14
views
0
recommends
+1 Recommend
0 collections
    0
    shares
      • Record: found
      • Abstract: found
      • Article: not found

      Malaria-infected erythrocyte-derived microvesicles mediate cellular communication within the parasite population and with the host immune system.

      Read this article at

      ScienceOpenPublisherPMC
      Bookmark
          There is no author summary for this article yet. Authors can add summaries to their articles on ScienceOpen to make them more accessible to a non-specialist audience.

          Abstract

          Humans and mice infected with different Plasmodium strains are known to produce microvesicles derived from the infected red blood cells (RBCs), denoted RMVs. Studies in mice have shown that RMVs are elevated during infection and have proinflammatory activity. Here we present a detailed characterization of RMV composition and function in the human malaria parasite Plasmodium falciparum. Proteomics profiling revealed the enrichment of multiple host and parasite proteins, in particular of parasite antigens associated with host cell membranes and proteins involved in parasite invasion into RBCs. RMVs are quantitatively released during the asexual parasite cycle prior to parasite egress. RMVs demonstrate potent immunomodulatory properties on human primary macrophages and neutrophils. Additionally, RMVs are internalized by infected red blood cells and stimulate production of transmission stage parasites in a dose-dependent manner. Thus, RMVs mediate cellular communication within the parasite population and with the host innate immune system.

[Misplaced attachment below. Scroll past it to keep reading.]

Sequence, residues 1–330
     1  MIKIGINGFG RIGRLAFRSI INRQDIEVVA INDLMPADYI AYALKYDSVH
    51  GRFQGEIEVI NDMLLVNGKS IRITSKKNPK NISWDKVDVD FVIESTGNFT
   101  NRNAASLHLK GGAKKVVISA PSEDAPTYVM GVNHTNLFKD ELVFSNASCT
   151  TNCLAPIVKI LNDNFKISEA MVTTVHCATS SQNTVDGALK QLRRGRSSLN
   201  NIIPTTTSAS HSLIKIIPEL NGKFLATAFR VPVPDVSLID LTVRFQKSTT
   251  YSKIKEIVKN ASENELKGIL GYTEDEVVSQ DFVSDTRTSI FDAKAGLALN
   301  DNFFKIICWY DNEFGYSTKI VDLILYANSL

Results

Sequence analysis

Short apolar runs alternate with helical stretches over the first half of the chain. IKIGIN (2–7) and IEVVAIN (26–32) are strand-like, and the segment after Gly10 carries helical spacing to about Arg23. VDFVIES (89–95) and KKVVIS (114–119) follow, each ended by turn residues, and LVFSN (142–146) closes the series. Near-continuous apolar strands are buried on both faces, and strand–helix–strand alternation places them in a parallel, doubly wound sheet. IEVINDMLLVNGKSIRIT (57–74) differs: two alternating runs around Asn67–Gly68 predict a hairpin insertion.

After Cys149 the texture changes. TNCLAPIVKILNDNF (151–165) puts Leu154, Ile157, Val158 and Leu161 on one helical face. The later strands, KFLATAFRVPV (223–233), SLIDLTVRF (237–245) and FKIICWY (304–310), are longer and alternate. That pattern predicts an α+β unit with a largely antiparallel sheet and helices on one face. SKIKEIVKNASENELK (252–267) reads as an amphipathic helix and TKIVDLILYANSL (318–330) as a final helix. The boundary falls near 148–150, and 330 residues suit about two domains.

Related collections

          Author and article information

          Journal
          Cell Host Microbe
          Cell host & microbe
          Elsevier BV
          1934-6069
          1931-3128
          May 15 2013
          : 13
          : 5
          Affiliations
          [1 ] Department of Immunology and Infectious Diseases, Harvard School of Public Health, 665 Huntington Avenue, Boston, MA 02115, USA.
          Article
          S1931-3128(13)00151-0 NIHMS474536
          10.1016/j.chom.2013.04.009
          3687518
          23684304

          Comments

          Comment on this article